DP16024 Negative results in science: Blessing or (winner's) curse ?
|Author(s):||Catherine Bobtcheff, Raphaël Levy, Thomas Mariotti|
|Publication Date:||April 2021|
|Programme Areas:||Organizational Economics|
|Link to this Page:||cepr.org/active/publications/discussion_papers/dp.php?dpno=16024|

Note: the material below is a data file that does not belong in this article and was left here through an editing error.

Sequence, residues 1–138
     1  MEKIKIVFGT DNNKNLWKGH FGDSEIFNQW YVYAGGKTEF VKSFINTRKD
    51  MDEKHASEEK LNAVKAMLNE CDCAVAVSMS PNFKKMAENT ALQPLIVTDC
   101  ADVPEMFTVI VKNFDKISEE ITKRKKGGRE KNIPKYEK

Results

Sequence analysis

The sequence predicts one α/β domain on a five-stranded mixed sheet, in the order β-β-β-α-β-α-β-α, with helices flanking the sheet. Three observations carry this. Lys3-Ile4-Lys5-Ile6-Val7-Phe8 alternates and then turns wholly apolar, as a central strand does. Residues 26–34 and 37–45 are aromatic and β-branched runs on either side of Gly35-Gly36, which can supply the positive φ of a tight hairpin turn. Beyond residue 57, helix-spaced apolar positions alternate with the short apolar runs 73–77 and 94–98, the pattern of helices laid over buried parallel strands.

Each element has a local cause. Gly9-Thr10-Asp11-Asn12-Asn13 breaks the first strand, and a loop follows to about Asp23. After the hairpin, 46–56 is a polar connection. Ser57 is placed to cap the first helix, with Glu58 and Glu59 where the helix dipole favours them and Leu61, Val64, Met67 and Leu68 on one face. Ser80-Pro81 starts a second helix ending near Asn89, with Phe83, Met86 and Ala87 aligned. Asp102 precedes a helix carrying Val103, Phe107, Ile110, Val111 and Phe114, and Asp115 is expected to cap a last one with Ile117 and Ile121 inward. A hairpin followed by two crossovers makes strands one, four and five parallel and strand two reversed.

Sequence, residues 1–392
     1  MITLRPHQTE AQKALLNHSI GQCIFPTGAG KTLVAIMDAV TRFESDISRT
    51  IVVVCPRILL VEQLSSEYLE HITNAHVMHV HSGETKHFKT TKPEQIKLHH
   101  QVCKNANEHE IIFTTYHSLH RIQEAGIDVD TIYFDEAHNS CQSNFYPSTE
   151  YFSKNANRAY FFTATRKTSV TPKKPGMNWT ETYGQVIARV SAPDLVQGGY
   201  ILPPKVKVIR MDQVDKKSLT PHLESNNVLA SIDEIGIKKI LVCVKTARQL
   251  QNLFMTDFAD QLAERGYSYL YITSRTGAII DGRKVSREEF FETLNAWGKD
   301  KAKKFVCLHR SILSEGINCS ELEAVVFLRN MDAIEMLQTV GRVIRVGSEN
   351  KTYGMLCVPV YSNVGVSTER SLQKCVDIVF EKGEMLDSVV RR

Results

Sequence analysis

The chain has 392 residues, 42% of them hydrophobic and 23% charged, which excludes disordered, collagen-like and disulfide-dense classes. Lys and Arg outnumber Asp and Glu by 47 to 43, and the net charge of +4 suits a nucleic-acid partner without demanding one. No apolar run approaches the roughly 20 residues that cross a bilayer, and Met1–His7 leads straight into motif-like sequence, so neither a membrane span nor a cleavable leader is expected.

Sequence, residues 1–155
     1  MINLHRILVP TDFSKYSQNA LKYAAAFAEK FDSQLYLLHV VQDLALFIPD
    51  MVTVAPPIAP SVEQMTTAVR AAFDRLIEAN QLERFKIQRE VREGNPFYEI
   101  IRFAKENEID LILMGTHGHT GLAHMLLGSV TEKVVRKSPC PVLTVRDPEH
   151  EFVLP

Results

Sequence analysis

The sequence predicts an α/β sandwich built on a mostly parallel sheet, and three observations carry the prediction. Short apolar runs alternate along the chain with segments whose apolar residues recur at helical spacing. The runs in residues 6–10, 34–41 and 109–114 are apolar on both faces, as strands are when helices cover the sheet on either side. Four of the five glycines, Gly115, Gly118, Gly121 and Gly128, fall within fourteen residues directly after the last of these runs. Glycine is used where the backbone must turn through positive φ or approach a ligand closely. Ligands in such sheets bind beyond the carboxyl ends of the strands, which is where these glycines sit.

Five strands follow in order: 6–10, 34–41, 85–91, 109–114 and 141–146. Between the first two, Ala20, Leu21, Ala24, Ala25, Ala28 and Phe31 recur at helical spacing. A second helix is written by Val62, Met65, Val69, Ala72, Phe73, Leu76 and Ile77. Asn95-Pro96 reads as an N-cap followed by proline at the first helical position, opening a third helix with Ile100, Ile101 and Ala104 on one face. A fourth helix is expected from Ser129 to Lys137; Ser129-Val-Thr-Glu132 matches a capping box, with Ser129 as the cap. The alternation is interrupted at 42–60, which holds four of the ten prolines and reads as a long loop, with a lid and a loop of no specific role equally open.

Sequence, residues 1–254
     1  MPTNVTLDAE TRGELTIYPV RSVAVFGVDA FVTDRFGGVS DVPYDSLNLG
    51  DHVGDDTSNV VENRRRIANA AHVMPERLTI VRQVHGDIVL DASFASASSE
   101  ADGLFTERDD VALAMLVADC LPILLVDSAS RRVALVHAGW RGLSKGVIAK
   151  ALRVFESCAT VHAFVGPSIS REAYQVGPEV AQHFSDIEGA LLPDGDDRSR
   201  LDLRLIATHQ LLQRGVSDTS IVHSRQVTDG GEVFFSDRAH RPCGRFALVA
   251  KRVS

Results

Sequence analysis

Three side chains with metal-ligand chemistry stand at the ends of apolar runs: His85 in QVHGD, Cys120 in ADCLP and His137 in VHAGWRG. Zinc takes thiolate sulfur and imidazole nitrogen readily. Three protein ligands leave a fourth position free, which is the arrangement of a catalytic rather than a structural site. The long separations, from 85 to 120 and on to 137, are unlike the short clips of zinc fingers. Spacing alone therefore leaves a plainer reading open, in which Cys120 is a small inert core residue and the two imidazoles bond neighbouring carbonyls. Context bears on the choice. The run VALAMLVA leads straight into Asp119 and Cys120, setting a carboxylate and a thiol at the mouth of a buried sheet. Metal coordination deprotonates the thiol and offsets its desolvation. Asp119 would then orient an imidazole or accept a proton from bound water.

Two players receiving independent signals on a risky project with common value compete to be the first to innovate. We characterize the equilibrium of this preemption game as the publicity of signals varies. Private signals create a winner's curse: investing first implies that the rival has abstained from investing, possibly because he has privately received adverse information about the project. Since players want to gather more evidence in support of the project as a compensation, they invest later when signals are more likely to be private. Because of preemption, the NPV of investment is zero at equilibrium regardless of the publicity of signals. However, for a conservative planner who cares about avoiding unprofitable investments, this implies that investment arises too early at equilibrium, and such a planner then prefers signals to be private. This provides a rationale against the mandatory disclosure of negative results in science, notably when competition is severe. Our results suggest that policy interventions should primarily tackle winner-takes-all competition, and regulate transparency only once competition is sufficiently mild.